For example, the trombone I hear at the start of Bessie Smith’s “Young Woman’s Blues” always surprises me. A trombone rather than a trumpet taking the lead on a blues side from this period is interesting enough. Yet this particular horn is a real find. The tone is dark yet creamy. The articulation is clean and smooth. Phrases hover close to the same bottom tone, like it’s a hard-fought and now insistent truth.
Seconds later, I always realize (not just remember) that it’s actually a trumpet. Joe Smith fools me every time!
Aside from rhythm, tone is perhaps the most immediately gripping aspect of a musical performance. “Young Woman’s Blues” shows the beauty of Smith’s sound in the sadly neglected lower register of the trumpet. He soon climbs outs of it and gracefully slurs up to a clarion middle register phrase, ending the side’s introduction on a valedictory air.
He answers Bessie Smith’s statements with other firmly centered and gut-shaking descents, including a particularly solid one executed softly but firmly behind the words “settle down.” Joe seconds “I’m as good as any woman in your town” with a muttering declaration. It’s not predictably dirty. There’s no growl or gutbucket inflection. Instead, Smith is subtler and more artful in his carnal imagery. Following “I’m a deep killer of brown,” he tosses off a staccato bugle, proud and dangerous, as a warning to those around him. Smith’s broad final tone comes off like a soprano tuba.
At the time this side was made, Louis Armstrong was introducing higher and faster trumpeting that would become the standard in jazz circles. Smith, meanwhile, is often remembered as the straight(er) foil to young Louis Armstrong’s hot innovations. He could read a written part, provide a brilliant straight lead, and improvise a solo. That versatility, in fact, made him the preferred choice for bandleader Fletcher Henderson when he needed a jazz trumpet soloist. Yet Smith was plenty hot in his own right. He just simmered rather than boiled. Henderson eventually “settled” for Armstrong, and the rest was history.
Of course, trumpeters never stopped playing in the middle and lower registers; Bix Beiderbecke, Bobby Hackett, Ruby Braff, and Terrell Stafford among others come to mind. Still, the term “jazz trumpet” doesn’t usually inspire mental echoes of pedal points. So, I’m glad to be repeatedly wrong for a few seconds. Maybe it is my recalcitrant ears, or perhaps my subconscious is letting me appreciate Joe Smith over and over again.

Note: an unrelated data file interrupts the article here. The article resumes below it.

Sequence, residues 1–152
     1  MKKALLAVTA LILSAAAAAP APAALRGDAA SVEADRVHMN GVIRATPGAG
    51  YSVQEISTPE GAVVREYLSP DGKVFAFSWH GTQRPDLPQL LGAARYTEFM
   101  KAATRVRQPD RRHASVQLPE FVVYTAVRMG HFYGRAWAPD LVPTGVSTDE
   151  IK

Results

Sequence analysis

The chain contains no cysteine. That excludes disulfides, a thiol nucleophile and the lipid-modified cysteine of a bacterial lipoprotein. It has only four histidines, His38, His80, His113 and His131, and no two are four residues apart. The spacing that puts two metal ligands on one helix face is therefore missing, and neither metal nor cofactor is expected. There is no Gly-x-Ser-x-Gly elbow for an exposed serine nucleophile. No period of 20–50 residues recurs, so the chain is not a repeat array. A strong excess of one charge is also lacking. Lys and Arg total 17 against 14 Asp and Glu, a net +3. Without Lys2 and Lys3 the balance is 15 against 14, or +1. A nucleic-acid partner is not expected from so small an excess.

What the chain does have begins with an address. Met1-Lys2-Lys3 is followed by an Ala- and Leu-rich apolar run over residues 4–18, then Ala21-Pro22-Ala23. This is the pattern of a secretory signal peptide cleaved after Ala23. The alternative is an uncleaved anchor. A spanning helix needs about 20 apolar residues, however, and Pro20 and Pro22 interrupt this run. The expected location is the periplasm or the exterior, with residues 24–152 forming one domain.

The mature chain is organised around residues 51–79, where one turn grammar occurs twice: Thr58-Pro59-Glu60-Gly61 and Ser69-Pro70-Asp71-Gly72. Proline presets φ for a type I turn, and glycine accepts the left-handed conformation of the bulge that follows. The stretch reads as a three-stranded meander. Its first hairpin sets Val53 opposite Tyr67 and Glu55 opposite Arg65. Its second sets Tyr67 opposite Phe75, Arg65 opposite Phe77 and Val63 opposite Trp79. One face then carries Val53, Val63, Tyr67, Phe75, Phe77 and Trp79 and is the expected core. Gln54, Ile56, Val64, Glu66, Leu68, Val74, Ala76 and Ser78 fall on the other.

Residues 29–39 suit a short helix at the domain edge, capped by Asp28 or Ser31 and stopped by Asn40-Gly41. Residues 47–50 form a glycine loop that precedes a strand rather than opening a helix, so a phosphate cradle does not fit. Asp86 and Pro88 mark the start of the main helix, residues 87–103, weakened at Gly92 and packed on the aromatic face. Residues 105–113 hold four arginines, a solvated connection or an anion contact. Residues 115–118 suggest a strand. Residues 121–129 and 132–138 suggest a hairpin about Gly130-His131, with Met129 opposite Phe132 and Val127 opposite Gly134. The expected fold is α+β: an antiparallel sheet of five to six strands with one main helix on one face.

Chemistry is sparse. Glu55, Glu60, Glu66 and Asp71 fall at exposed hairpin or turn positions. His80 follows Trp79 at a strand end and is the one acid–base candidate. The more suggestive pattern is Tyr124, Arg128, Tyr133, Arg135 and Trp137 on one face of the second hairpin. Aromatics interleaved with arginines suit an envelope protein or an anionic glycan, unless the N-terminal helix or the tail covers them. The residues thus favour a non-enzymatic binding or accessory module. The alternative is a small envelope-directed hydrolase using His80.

…the fascinating story of the self-destructively humorous virtuoso pop violinist Nat Brusiloff, with commentary by historian David Sager and a red hot sonata on “Happy Feet.”
Hello! I know it has been a while, and I hope you’re well. This blog has introduced me to some incredibly insightful and downright nice people who kindly express interest in this music and my thoughts on it.
If you’re interested, I’m honored and thrilled to say I’ll be a guest on my friend Phil Melick’s radio show PhonOmelet this Sunday, October 13 at 8am EST on WTSQ. Phil spins jazz, hot dance, blues, and more on original 78 RPM records. His taste and insights are always on point.
You can listen at 88.1 FM in Charleston, WV or by streaming live at wtsq.org! Stay tuned…
From Original Dixieland Jazz Band-style ensembles through hot dance music to smoother charts looking ahead to the big bands, bandleader Ben Selvin kept up with all the trends while regularly staffing his studio outfits with the cream of New York City’s musical crop.
By 1931, when Selvin gave “I’m Crazy ‘Bout My Baby” the treatment while it was still hot off publishing house presses, he was a twelve-year record industry veteran with a wealth of styles under his belt.
Fats Waller and Alex Hill’s tune serves as a retrospective of Selvin’s experience. Selvin was a consummate professional who always “sold” the song. He also recognized a quality tune when he heard one. Its skipping melody, choreographing the elation of newfound romance, and Hill’s schoolboy-excited lyrics remain clear.
Yet Selvin lets the tune try on several musical outfits, starting with a bright and broad Dixieland chorus (and gleaming lead by trumpeter
Tommy GottBob Effros). Then, young Benny Goodman’s solo bridge has the same feel that would grace hundreds of his own recordings as a leader throughout the Swing Era.
After the vocal, the minor key verse—which itself has a touch of the vaudeville pit band—carries the slightly harder edge of Harlem nightclubs. Here, Charles Magnante’s accordion adds a theatrical organ-like texture. A typical dance band tenor chorus by Hymie Wolfson follows: slightly booting, paraphrased just enough to add rhythmic interest while maintaining the tune, somewhere between a hot chorus and straight lead that links from the improvised sections into the final restatement of the tune. The bridge even has some Armstrong-inspired dips into the upper register.
Records like this one show jazz and American dance band music not so much at a crossroads but able to draw upon both the past and the cutting edge without embarrassment. Selvin knew what worked musically and didn’t have to bother worrying about what was hip.
Joe Herlihy’s orchestra may never supplant Fletcher Henderson in any dance band annals, but it was apparently an exciting enough outfit to replace his group at the Roseland Ballroom.
Copious liner notes by Joe Moore for Jazz Oracle CD BWV 8052, Edison Hot Dance Band Obscurities: Volume Three, explain that Herlihy’s Boston-based ensemble filled in while Henderson was on tour the week of February 14, 1927. Roseland was one of the hottest dance venues in New York City at the time; any band that made it through that audition must have been doing something right. The Edison label apparently thought so, because four months later “State And Madison” was being cut at the band’s first record session.